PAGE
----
As a country, we have moved on from a ‘begging bowl’ to ‘food sufficient nation’ and annual food grain production grew at 3% rate while population grew at 1.5% rate only. But still, India stands at 101 out of 111 countries. Despite huge claims by all Governments so far, there has not been a significant change in the plight of small farm holders. Indian agriculture is predominantly monsoon-driven and is highly vulnerable to weather vagaries. Though India is either number one or two for many produces by volume, most of the agricultural systems practiced are resource-intensive and less efficient in terms of productivity and post-harvest processing. Further, the farm size is so small that even doubling their income does not significantly improve their economic standing.
Challenges faced by small holder farmers
Some of the major challenges that the small holder faces are i) non-availability of quality inputs; ii) acute shortage of labour; iii) increasing costs of inputs; iv) lack of small farm mechanization tools; v) climate change and climatic variability impacts; vi) efforts to enhance productivity of the systems through better management; vii) ensure seamless flow of formal agricultural credit; viii) failure of extension system in hand-holding and dependable specific agro-advisory services; ix) unorganized marketing systems leading to gluts/shortages and exploitation; x) limited scope of crops under MSP and its poor implementation; xi) tough competition from global markets, and xii) failure of policy framework to reach up to the last needy.
While both agricultural research and extension make tall claims of successes independently, lack of coherence between them to domesticate the technology to suit to the agro-ecology and illiteracy of the majority of the farmers has led to a very low adoption rate.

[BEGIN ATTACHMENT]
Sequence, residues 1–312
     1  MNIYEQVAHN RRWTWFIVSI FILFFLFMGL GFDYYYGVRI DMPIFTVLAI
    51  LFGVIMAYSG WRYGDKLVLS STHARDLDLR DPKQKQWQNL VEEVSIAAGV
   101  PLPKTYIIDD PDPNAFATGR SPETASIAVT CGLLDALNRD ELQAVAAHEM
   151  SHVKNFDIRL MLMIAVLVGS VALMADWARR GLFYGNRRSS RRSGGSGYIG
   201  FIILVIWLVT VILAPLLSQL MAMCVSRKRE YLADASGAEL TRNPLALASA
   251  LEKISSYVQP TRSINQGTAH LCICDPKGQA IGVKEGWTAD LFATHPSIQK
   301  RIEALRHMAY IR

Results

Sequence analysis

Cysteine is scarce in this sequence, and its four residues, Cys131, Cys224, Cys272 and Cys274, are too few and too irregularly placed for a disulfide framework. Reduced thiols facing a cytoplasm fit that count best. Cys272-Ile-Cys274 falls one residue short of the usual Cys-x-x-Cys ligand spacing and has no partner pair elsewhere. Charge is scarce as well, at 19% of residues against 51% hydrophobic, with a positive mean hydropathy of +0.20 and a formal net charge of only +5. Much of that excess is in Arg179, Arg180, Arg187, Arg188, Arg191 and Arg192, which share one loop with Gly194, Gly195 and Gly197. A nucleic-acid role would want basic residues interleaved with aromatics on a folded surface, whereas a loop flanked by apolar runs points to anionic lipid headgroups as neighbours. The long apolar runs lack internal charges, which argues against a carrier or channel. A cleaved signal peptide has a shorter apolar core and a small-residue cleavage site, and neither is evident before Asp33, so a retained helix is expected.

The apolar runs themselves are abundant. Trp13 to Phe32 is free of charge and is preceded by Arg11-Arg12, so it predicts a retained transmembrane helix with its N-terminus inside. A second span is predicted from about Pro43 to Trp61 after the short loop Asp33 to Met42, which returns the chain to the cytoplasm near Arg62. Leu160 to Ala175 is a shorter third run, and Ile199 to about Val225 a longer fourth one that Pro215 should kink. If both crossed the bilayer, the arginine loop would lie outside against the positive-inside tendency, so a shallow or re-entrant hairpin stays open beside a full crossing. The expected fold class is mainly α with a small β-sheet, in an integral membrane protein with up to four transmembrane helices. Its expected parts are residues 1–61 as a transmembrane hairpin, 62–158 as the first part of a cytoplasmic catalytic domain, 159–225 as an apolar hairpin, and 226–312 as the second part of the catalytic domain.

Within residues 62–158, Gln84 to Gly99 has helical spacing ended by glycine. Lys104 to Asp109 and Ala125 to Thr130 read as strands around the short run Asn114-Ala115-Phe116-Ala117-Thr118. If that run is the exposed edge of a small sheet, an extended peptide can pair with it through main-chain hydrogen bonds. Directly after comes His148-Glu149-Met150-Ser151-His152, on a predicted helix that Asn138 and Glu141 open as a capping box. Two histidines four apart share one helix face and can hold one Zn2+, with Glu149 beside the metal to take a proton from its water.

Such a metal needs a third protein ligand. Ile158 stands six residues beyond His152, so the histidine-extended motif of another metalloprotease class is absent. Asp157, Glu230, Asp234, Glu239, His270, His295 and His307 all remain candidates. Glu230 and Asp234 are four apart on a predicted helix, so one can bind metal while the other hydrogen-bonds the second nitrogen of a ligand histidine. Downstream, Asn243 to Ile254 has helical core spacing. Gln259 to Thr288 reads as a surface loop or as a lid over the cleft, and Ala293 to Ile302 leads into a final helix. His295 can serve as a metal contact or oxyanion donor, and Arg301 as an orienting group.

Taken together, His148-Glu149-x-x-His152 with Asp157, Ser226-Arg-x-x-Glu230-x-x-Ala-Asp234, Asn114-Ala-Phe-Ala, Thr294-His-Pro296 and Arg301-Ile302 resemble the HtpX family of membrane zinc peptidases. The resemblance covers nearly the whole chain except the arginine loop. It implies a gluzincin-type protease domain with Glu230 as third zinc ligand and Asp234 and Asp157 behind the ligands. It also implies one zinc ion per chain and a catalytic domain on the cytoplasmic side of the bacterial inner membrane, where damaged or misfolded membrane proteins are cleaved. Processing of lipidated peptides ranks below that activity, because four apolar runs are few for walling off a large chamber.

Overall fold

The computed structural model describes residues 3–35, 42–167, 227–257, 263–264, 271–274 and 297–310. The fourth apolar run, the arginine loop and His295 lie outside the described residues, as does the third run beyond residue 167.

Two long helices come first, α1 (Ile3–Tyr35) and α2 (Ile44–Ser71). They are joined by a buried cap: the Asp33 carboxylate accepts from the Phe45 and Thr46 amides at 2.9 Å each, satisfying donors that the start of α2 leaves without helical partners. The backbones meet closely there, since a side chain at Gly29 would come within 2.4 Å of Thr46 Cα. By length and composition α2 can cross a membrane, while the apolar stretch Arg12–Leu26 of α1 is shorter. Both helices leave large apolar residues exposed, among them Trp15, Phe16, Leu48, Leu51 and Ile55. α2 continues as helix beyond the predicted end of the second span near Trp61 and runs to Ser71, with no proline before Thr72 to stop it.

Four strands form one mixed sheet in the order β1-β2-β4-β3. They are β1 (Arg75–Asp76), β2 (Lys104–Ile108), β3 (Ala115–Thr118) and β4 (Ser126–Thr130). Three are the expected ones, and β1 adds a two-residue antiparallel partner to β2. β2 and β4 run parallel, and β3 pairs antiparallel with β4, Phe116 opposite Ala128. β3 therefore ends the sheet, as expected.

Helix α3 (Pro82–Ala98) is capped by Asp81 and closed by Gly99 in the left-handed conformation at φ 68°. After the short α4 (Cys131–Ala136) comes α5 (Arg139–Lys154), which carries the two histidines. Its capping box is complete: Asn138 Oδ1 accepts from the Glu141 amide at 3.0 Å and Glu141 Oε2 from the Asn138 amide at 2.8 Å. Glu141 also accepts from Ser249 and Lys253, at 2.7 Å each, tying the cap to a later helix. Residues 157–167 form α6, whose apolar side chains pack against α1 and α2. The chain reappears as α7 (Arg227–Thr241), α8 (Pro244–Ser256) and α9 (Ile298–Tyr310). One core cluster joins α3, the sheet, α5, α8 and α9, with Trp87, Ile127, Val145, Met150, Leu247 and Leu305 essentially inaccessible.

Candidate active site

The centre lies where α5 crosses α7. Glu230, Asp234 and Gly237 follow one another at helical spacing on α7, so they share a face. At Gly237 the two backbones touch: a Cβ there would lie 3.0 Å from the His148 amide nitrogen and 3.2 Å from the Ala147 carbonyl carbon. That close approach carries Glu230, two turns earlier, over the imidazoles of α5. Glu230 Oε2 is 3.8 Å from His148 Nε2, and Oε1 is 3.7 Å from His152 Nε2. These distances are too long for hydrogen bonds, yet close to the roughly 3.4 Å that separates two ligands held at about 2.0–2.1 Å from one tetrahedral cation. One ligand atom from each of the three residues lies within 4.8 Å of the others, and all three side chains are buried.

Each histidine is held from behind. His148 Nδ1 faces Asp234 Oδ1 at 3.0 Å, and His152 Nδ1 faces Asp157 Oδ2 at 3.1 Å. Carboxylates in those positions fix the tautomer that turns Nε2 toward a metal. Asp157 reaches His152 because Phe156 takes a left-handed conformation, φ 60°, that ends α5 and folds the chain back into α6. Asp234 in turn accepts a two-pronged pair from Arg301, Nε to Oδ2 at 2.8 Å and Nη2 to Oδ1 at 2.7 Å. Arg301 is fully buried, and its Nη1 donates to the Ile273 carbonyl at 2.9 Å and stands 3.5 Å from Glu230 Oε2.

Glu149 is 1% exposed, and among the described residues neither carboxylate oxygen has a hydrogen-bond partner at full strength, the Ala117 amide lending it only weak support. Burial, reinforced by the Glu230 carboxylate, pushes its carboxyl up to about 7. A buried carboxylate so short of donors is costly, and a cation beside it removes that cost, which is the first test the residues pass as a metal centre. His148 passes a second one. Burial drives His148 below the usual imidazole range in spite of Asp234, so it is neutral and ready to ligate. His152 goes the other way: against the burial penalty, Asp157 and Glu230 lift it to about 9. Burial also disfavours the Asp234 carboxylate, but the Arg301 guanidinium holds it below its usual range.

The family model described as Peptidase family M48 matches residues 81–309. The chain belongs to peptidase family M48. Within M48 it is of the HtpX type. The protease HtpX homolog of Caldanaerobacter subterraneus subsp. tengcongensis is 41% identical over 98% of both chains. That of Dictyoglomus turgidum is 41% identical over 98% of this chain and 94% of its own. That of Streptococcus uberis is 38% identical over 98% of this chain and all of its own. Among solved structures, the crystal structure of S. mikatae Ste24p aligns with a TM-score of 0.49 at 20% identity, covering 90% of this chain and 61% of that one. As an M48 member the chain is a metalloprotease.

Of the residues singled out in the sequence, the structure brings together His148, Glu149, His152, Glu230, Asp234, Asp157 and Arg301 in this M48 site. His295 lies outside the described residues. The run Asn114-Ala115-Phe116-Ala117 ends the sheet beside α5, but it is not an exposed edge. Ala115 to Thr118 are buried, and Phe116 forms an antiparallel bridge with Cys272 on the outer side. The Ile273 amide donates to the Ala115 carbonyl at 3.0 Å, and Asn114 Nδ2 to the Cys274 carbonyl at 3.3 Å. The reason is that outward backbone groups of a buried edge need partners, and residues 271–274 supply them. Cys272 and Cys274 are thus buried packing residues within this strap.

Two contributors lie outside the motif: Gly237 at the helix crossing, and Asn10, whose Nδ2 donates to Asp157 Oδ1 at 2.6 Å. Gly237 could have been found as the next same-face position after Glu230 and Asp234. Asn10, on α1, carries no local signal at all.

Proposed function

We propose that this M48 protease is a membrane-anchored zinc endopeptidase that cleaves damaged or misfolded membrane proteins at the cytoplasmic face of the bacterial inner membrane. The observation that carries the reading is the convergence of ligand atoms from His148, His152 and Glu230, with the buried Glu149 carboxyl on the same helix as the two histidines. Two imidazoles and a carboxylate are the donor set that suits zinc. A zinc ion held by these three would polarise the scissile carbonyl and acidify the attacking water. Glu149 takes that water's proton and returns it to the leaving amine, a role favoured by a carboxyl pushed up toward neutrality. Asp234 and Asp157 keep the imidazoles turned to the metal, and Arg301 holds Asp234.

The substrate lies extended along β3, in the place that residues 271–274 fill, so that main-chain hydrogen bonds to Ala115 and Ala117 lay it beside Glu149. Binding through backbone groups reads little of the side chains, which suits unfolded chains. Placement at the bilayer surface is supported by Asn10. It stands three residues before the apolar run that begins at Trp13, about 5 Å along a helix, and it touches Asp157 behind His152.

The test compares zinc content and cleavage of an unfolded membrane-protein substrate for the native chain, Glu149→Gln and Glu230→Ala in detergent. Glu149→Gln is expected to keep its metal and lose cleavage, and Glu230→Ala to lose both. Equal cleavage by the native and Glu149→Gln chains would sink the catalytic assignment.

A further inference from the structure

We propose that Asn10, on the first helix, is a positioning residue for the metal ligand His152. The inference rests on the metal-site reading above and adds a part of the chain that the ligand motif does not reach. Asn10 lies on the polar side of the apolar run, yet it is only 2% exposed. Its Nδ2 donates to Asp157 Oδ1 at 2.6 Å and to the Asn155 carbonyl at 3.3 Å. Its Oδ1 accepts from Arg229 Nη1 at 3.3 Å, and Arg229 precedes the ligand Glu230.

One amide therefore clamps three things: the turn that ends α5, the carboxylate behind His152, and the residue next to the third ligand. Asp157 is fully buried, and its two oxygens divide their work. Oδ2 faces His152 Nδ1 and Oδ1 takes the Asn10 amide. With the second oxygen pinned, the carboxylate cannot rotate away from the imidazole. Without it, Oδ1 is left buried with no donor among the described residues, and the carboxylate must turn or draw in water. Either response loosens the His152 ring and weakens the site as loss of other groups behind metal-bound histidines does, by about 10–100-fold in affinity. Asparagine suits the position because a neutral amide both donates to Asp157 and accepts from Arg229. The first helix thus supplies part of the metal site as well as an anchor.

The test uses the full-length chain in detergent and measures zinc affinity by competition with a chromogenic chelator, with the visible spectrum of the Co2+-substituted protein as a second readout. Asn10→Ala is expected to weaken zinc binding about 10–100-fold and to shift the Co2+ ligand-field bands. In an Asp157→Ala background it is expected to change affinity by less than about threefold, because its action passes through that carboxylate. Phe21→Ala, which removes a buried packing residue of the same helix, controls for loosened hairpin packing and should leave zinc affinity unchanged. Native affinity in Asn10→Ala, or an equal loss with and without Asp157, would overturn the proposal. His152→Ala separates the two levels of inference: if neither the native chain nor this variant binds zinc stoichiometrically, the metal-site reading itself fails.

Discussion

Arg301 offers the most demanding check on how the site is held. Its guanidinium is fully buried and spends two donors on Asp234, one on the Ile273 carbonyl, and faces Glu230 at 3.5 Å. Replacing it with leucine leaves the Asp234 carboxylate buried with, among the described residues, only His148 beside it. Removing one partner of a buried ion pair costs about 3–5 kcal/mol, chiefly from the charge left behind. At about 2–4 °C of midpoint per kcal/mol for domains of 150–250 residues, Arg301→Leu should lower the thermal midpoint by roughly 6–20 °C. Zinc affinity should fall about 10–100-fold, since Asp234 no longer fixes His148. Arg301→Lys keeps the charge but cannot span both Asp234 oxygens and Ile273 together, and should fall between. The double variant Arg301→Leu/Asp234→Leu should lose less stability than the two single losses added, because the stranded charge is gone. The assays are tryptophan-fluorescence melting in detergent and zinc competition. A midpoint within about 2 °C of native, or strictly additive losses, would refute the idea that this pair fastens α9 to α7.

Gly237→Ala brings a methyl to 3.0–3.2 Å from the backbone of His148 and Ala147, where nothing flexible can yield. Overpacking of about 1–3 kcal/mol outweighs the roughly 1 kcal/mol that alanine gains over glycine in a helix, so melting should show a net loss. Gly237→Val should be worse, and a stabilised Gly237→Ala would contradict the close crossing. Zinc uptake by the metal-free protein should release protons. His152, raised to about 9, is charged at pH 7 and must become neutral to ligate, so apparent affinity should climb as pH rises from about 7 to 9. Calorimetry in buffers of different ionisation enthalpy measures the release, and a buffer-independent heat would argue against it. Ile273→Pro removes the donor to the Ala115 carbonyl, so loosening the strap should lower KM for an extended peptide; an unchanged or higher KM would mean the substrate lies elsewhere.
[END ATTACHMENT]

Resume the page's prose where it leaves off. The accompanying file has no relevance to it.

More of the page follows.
One of the best examples is – though across the crops several hundreds of varieties have been released- when it comes to cultivation, they are only a fistful. And for these varieties also, quality seed is not accessible. Similarly, hundreds of research publications claim an enormous increase in crop yields due to new technologies. But, when it comes to their adoption, we do not see many on field. Here again, the best example is microbial inputs which constitute hardly 3% market even today.
To ensure that the Indian farmer marches further into the 22nd Century with his head held high, some short-, medium- and long-term remedial measures thus could be i) agro-ecology-specific crop planning with a focus on enhanced productivity per unit area and its operationalization in its true spirit; ii) revival of agricultural extension system and their scheduled knowledge upgradation; iii) moving the agricultural research from ivory towers to farms and fields; iv) developing functional formal knowledge networks in regional languages; v) basic research backstopping to sustain the technologies; vi) packaging of the technologies with timely financial support; and vii) functional farmer-centric insurance schemes. Soil and water being limiting resources, their judicious use for enhanced productivity should be emphasized.
The natural resource management technology ecosystem is often community-based and hence needs a different outlook and handholding for their adoption ‘as it is’. Integrated farming systems (IFS) has been shown to sustain the rural livelihoods. However, agro-ecology specific/regional models are yet to be fine-tuned and farm-demonstrated.
On the policy front, there is an urgent need for real-time crop booking database accessible to all stakeholders to plan for need-based contingencies well in advance. This can obviate the distress through timely intervention. This would also help for targeted delivery of the benefits of several schemes to the small farm holders. Multiple schemes could be consolidated and targeted delivery systems could be evolved using the modern IT tools. Parallel management of the agricultural issues by both federal and state governments, is another issue which needs a revisit.